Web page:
The European Community (EC) is comprised of independent European nation states who recognized that unification could yield competitive advantages in the international market. In an attempt to realize the benefits of an internal common market, the European Economic Community Treaty (EEC Treaty) was created to develop a general governing system for the individual nation states; however, intellectual property rights have not been specifically provided for in the EEC Treaty. As long as national copyright laws were not used to arbitrarily restrict or discriminate in trade between Member States, Article 36 of the EEC Treaty provided the protection granted by these laws. However, Article 36 will not tolerate "abusive exercise of copyright protection with the aim of creating barriers to the free movement of goods or hindering competition in the European Community."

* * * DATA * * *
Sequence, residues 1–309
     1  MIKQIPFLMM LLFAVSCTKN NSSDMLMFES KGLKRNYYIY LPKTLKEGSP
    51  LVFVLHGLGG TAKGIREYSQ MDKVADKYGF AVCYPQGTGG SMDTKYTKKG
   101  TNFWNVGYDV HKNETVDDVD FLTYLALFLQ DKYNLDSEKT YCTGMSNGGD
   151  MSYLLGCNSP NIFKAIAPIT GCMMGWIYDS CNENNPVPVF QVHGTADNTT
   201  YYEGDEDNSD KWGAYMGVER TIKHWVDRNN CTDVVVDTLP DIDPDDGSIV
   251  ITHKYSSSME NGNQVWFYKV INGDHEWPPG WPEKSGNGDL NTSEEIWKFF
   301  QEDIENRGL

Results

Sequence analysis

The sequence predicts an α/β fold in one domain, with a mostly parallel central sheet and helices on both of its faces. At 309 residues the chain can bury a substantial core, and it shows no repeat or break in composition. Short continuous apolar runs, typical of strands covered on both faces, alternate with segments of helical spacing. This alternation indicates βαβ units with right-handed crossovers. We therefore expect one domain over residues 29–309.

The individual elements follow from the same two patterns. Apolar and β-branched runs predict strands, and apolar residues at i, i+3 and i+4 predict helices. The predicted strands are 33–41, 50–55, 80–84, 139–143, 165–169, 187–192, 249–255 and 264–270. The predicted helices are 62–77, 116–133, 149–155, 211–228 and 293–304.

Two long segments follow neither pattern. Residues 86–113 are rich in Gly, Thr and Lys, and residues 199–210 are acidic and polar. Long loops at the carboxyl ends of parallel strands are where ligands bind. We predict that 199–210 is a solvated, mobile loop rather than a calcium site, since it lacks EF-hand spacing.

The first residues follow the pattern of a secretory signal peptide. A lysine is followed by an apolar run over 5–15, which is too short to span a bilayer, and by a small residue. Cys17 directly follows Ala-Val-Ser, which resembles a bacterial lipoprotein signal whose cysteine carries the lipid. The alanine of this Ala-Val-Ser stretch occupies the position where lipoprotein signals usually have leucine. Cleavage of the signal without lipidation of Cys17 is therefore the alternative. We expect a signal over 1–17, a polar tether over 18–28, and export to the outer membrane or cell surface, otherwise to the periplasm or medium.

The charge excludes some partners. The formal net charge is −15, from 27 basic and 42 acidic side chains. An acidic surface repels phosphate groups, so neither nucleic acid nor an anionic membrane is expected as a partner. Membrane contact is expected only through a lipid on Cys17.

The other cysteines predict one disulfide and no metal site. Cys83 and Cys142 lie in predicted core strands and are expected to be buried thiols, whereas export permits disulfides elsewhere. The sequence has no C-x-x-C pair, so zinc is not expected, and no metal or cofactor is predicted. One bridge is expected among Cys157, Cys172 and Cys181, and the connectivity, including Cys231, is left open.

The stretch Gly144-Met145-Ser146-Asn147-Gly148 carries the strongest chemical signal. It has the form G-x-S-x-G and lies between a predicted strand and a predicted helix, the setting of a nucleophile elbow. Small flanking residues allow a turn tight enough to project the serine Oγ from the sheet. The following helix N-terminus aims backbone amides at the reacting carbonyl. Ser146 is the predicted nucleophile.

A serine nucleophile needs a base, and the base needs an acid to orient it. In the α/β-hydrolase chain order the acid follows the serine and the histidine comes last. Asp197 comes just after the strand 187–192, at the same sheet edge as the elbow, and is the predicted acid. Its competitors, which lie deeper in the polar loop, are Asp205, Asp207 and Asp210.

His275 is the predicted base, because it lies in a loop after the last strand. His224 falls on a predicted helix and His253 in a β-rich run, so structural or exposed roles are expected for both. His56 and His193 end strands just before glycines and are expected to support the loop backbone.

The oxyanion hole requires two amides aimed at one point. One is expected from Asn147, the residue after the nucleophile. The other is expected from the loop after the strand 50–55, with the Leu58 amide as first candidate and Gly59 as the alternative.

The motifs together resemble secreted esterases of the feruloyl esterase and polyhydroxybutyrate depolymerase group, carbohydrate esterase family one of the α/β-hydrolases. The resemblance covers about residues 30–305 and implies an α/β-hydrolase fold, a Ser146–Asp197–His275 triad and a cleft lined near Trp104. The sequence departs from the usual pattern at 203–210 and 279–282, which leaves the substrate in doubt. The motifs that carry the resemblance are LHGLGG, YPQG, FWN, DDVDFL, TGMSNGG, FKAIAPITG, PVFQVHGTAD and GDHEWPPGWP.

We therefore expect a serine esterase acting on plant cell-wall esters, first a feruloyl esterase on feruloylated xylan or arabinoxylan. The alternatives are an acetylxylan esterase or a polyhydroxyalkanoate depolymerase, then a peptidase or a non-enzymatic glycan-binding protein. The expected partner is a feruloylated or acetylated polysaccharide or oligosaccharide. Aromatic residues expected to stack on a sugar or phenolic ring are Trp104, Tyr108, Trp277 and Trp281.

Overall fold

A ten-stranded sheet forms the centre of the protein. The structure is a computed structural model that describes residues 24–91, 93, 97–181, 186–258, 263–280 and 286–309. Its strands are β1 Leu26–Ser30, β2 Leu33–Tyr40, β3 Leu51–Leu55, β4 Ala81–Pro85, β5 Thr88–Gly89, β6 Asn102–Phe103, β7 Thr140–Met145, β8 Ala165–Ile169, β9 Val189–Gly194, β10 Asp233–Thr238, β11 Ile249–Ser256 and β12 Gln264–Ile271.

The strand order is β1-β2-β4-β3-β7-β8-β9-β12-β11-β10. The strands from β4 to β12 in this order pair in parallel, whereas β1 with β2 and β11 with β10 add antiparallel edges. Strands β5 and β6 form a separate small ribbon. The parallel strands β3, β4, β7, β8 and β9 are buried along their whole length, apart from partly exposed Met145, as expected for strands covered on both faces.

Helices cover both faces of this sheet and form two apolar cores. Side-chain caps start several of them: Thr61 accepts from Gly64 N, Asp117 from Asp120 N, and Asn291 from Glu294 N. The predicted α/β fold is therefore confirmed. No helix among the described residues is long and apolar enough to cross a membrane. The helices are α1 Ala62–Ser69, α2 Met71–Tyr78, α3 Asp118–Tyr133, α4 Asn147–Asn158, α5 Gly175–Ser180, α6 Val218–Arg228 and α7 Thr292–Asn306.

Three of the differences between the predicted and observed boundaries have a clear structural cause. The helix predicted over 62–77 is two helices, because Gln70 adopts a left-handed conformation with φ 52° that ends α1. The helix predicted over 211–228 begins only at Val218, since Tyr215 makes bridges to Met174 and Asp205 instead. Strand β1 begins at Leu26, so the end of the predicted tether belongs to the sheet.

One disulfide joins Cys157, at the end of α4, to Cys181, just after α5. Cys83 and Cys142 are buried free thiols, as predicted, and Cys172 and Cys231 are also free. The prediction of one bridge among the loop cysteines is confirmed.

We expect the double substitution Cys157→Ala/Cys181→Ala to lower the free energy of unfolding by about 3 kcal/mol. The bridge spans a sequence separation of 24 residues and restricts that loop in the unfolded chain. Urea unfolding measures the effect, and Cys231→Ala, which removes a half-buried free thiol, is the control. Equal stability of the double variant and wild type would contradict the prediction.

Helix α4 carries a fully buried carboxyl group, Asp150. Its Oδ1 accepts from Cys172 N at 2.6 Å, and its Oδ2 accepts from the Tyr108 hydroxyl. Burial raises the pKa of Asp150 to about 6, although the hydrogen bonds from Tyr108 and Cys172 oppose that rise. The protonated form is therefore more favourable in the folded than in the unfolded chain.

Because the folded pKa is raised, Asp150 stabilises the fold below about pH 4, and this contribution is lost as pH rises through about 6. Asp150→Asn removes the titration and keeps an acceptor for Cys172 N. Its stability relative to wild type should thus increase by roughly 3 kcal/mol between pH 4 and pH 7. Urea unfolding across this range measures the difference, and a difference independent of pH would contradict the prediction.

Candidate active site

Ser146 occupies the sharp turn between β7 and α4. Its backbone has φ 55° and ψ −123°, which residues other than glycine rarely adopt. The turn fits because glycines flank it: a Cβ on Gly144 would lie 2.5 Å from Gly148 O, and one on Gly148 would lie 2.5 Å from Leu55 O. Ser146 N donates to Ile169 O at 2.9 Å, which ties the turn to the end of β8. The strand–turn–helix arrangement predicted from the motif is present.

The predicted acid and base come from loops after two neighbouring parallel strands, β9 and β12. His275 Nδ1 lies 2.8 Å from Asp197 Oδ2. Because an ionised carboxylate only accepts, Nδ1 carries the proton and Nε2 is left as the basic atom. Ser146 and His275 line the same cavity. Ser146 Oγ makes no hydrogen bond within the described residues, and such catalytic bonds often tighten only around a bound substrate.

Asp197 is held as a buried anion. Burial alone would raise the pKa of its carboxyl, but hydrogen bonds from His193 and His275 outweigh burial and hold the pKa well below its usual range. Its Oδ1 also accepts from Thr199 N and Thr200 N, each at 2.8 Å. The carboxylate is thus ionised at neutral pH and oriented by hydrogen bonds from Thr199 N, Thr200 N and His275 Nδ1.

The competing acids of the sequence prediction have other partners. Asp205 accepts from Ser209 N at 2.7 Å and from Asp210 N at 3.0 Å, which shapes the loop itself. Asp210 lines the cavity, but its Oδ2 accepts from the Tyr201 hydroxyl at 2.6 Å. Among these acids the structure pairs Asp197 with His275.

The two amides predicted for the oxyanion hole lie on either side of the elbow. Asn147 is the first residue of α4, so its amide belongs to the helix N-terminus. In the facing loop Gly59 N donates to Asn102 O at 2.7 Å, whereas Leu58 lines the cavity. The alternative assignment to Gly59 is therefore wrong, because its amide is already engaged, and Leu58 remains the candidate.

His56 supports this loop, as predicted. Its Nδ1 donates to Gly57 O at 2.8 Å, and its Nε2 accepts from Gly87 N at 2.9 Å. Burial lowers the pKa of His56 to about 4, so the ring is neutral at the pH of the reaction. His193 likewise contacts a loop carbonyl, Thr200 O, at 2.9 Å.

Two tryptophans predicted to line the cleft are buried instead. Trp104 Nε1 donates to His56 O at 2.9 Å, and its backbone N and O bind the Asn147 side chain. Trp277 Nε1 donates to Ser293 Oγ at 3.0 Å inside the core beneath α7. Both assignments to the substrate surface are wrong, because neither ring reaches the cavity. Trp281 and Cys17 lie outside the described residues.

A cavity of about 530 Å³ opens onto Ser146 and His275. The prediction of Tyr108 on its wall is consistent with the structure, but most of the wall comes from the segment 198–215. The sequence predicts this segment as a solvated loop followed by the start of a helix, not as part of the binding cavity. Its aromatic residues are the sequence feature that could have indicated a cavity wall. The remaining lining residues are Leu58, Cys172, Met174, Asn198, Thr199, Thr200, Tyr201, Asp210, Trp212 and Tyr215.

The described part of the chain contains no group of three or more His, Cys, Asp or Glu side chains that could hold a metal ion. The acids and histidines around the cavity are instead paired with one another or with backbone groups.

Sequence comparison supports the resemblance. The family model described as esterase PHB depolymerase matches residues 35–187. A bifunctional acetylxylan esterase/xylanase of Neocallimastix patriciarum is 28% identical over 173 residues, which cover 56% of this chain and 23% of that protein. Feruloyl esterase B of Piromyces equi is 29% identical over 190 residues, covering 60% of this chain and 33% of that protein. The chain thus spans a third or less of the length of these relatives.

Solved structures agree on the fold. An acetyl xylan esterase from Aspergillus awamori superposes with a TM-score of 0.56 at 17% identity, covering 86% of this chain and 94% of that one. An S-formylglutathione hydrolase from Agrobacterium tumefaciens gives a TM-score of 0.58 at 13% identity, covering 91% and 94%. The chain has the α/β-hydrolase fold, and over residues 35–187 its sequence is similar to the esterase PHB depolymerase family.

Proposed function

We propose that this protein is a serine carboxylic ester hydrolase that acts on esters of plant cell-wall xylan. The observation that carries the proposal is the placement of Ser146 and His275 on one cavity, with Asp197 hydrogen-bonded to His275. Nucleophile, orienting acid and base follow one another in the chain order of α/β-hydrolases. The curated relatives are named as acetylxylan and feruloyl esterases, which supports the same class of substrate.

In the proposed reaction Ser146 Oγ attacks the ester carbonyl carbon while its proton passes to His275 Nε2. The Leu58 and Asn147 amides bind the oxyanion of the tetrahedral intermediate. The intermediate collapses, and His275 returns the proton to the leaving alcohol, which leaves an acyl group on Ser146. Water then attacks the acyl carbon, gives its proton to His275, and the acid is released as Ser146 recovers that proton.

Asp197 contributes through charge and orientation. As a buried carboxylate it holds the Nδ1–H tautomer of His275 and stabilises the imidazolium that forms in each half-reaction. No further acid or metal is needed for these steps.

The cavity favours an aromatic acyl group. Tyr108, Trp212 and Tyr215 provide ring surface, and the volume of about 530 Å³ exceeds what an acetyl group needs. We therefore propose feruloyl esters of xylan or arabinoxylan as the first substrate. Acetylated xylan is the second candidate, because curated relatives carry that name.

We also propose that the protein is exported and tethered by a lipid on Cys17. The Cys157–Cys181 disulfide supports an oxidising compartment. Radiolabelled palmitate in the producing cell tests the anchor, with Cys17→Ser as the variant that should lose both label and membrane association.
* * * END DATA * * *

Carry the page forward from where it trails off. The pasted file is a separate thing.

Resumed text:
Lynne K. Law, National Copyright Law v. Community Law: Which Law is Controlling in Intellectual Property Derivative Market Products?, 10 Penn St. Int'l L. Rev. 333 (1992).